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Concept of schema theory, one of the cognitivist learning theories, was firstly introduced in 1930s through the work of British psychologist Sir Frederic Bartlett and was further developed in 1970s by American educational psychologist Richard Anderson. Schema theory describes how knowledge is acquired, processed and organized. The starting assumption of this theory is that “very act of comprehension involves one’s knowledge of the world”1). According to this theory, knowledge is a network of mental frames or cognitive constructs called schema (pl. schemata). Schemata organize knowledge stored in the long-term memory.
The term schema is nowadays often used even outside cognitive psychology and refers to a mental framework humans use to represent and organize remembered information. Schemata (“the building blocks of cognition”2)) present our personal simplified view over reality derived from our experience and prior knowledge, they enable us to recall, modify our behavior, or try to predict most likely outcomes of events. According to David Rumelhart3),
Schemata also expand and change in time, due to acquisition of new information, but deeply installed schemata are inert and slow in changing. This could provide an explanation to why some people live with incorrect or inconsistent beliefs rather then changing them. When new information is retrieved, if possible, it will be assimilated into existing schema(ta) or related schema(ta) will be changed (accommodated) in order to integrate the new information. For example: during schooling process a child learns about mammals and develops corresponding schema. When a child hears that a porpoise is a mammal as well, it first tries to fit it into the mammals schema: it's warm-blooded, air-breathing, is born with hair and gives live birth. Yet it lives in water unlike most mammals and so the mammals schema has to be accommodated to fit in the new information.
Schema theory was partly influenced by unsuccessful attempts in the area of artificial intelligence. Teaching a computer to read natural text or display other human-like behavior was rather unsuccessful since it has shown that it is impossible without quite an amount of information that was not directly included, but was inherently present in humans. Research has shown that this inherent information stored in form of schemata, for example:
can cause easier or more difficult text comprehension4), depending on how developed the mentioned schemata are, and weather they are successfully activated.5). According to Brown6), when reading a text, it alone does not carry the meaning a reader attributes to it. The meaning is formed by the information and cultural and emotional context the reader brings through his schemata more than by the text itself. Text comprehension and retention therefore depend mostly on the schemata the reader possesses, among which the content schema should be one of most important, as suggested by Al-Issa7).
Schema theory emphasizes importance of general knowledge and concepts that will help forming schemata. In educational process the task of teachers would be to help learners to develop new schemata and establish connections between them. Also, due to the importance of prior knowledge, teachers should make sure that students have it.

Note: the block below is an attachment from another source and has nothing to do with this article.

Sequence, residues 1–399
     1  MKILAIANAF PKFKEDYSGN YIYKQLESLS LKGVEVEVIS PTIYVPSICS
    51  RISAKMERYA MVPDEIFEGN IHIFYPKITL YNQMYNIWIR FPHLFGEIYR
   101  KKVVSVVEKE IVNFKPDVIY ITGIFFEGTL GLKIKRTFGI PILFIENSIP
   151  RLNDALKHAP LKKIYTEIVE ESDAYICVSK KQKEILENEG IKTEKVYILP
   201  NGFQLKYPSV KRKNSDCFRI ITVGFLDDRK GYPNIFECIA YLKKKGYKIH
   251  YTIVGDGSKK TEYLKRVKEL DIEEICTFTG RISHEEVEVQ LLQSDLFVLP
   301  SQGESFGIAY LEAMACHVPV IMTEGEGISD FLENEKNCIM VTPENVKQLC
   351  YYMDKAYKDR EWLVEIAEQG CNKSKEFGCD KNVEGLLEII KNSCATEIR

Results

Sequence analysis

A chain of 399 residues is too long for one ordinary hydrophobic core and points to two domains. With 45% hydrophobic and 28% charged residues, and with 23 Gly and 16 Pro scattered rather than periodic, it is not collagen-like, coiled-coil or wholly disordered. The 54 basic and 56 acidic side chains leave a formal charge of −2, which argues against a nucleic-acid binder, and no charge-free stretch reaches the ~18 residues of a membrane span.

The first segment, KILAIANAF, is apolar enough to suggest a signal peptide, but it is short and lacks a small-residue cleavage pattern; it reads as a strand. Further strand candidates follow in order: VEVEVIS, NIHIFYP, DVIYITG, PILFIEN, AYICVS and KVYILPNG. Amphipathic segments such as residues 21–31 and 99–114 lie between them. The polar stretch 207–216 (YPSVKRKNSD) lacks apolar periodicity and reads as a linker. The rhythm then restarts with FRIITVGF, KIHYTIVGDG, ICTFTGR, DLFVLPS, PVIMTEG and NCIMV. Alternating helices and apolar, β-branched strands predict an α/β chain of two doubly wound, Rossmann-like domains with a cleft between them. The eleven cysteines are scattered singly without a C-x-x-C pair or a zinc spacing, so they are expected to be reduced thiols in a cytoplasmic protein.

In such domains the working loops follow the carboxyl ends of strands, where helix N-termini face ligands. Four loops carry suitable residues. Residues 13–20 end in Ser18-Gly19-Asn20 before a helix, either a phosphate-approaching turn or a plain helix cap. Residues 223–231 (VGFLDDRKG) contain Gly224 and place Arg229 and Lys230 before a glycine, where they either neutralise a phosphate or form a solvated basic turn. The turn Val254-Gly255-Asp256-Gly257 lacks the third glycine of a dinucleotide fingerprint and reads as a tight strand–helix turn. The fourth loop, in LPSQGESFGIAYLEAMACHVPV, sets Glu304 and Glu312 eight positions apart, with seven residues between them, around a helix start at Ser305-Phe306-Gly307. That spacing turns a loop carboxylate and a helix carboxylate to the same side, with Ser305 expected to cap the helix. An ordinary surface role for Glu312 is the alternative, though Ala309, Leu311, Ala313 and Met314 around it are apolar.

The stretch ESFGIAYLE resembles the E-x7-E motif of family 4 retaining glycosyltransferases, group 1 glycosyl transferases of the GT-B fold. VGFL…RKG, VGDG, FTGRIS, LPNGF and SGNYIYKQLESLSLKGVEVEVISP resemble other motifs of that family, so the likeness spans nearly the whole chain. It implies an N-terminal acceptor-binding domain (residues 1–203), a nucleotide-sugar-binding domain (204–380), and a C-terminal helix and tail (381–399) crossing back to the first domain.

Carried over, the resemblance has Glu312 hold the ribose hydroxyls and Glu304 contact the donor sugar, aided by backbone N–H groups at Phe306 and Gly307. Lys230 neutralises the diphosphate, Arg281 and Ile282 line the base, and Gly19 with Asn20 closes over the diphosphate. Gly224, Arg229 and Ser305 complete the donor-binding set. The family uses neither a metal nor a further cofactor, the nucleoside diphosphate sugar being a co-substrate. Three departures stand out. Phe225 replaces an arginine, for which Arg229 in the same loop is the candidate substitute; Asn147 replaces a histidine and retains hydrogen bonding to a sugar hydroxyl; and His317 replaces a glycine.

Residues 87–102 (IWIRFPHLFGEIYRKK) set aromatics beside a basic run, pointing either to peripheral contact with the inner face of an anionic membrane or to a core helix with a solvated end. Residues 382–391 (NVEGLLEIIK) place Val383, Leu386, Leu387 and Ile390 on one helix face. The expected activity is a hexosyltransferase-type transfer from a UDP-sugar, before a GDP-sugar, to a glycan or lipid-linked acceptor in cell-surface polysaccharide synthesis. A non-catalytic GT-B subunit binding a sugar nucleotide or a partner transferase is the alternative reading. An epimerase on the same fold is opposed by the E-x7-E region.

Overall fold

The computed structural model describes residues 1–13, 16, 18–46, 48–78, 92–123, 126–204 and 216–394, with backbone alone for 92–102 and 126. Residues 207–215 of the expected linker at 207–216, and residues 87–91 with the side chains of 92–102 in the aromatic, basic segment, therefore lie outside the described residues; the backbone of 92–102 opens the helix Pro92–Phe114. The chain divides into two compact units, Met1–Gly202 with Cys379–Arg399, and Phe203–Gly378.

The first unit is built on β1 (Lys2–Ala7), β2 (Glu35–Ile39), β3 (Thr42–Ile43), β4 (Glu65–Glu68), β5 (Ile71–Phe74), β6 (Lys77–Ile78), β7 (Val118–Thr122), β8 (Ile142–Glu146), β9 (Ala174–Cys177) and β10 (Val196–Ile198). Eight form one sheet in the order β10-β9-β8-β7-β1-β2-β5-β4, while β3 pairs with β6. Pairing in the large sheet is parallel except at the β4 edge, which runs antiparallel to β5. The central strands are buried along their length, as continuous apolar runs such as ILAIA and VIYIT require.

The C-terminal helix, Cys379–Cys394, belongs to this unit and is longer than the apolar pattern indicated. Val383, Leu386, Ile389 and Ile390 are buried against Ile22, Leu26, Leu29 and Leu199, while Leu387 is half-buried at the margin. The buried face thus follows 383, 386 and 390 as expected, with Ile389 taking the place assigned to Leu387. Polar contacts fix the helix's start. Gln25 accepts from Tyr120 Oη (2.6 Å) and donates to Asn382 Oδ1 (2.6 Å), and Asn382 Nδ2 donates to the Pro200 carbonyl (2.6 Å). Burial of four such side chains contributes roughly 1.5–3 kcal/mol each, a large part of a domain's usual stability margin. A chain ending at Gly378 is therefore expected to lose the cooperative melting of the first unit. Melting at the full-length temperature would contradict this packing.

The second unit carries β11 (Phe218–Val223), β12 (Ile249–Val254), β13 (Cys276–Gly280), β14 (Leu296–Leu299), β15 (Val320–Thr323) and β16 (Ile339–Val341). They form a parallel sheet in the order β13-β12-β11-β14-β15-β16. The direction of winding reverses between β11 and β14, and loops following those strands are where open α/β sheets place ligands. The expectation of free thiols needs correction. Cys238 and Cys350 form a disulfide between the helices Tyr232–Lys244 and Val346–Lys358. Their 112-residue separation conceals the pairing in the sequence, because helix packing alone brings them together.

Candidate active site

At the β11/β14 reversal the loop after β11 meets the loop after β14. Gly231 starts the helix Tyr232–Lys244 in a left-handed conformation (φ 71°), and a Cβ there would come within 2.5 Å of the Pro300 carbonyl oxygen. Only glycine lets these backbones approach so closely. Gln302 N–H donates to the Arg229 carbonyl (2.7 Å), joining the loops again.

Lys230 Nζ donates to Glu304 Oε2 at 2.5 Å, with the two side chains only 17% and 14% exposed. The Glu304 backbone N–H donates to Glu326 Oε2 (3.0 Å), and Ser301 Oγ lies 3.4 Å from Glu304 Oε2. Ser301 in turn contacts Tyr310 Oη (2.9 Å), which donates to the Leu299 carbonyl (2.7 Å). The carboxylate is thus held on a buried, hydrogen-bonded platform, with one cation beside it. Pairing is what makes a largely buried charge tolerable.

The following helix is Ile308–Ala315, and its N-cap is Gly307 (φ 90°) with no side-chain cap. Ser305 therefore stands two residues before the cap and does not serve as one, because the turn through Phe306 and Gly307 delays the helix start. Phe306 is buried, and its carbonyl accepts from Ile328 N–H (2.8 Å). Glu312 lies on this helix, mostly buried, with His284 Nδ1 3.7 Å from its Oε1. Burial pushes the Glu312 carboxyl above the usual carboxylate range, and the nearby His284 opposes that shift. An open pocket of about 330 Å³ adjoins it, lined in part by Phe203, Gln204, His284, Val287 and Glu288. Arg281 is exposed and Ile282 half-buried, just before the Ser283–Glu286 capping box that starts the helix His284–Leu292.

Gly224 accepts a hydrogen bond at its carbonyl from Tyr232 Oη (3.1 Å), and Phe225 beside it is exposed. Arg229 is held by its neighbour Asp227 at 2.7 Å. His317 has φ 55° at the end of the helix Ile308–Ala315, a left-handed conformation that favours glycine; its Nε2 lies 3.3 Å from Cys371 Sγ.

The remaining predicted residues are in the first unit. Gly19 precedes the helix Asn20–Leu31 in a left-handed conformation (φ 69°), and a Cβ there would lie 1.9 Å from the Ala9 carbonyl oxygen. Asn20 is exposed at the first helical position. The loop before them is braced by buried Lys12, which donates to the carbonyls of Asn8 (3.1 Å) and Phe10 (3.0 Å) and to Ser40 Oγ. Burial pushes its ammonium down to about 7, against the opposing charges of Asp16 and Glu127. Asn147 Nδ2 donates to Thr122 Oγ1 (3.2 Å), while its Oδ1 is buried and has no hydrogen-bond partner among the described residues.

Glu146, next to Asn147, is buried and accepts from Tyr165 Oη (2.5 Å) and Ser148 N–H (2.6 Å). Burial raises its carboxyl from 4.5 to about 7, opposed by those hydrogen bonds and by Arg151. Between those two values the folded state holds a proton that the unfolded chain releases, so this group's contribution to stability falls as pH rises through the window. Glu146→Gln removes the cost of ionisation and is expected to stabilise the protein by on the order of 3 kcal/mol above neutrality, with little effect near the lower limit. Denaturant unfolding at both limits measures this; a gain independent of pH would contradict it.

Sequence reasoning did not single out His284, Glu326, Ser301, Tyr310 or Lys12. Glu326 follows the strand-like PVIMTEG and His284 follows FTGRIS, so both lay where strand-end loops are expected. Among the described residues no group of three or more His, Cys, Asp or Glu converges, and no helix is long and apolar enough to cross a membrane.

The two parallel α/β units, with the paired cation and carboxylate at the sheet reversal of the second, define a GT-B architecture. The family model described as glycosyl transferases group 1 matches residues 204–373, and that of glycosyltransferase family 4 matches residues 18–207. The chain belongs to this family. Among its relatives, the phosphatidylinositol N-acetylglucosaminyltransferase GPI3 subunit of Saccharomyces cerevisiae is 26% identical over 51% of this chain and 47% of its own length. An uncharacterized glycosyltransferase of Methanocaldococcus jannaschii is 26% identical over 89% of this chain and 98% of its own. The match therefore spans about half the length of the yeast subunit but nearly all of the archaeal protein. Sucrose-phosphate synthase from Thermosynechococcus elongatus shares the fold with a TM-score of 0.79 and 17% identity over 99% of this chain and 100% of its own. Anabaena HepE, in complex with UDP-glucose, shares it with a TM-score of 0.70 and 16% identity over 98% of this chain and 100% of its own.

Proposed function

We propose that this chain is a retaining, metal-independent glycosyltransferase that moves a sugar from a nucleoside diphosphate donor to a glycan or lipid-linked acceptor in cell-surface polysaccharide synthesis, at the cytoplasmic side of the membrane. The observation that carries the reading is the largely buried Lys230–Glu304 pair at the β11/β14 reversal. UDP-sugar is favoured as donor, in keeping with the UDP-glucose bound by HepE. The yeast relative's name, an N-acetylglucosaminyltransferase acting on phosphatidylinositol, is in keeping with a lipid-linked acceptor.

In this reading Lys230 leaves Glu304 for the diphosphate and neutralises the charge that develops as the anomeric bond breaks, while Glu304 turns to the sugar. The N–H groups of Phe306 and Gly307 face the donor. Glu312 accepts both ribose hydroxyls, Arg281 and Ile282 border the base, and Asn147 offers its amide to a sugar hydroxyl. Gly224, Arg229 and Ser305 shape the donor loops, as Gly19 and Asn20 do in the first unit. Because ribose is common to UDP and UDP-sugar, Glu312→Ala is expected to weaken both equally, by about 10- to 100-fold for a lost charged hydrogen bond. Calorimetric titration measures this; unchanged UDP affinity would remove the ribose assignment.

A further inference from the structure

“The schemata a person already possesses are a principal determiner of what will be learned from a new text.”8)
Schema theory has been applied in various areas like:
Explanations of structures of knowledge have been criticized for being rather unclear about what exactly can count as a schema and what does a schema include. The idea of schemata as more complex constructs of memory has also been questioned. Some researchers14) suggest schemata as such are just networks of interacting simple (low-level) units activated at the same time. For example, a classroom schema is formed by simultaneously activated units of a blackboard, desks, chairs and a teacher.
On the other hand, schema theory was the starting point or a component for many other cognitivist theories and theorists like Jean Mandler, David Rumelhart (modes of learning) or Marvin Minsky (frame theory) who have further expanded it's concepts, and was also included in works of many other theorists like Sweller's (cognitive load theory) or Ausubell's (assimilation theory).
Sherwood, D. E, and T. D Lee. Schema theory: critical review and implications for the role of cognition in a new theory of motor learning.” Research quarterly for exercise and sport 74, no. 4: 376–382. 2003.
D'Andrade, Roy G. The development of cognitive anthropology. Cambridge University Press, 1995.
Mandler, Jean Matter. Stories, Scripts, and Scenes: Aspects of Schema Theory. Lawrence Erlbaum Associates, Inc., Publishers, 365 Broadway, Hillsdale, NJ 07642, 1984.
Minsky's frame system theory. In Proceedings of the 1975 workshop on Theoretical issues in natural language processing, 104–116. TINLAP '75. Stroudsburg, PA, USA: Association for Computational Linguistics, 1975.
Mandler, J. M. The foundations of mind: The origins of conceptual thought. New York: Oxford University Press. 2004.
Bartlett, F.C. Remembering: A Study in Experimental and Social Psychology. Cambridge, England: Cambridge University Press. 1932.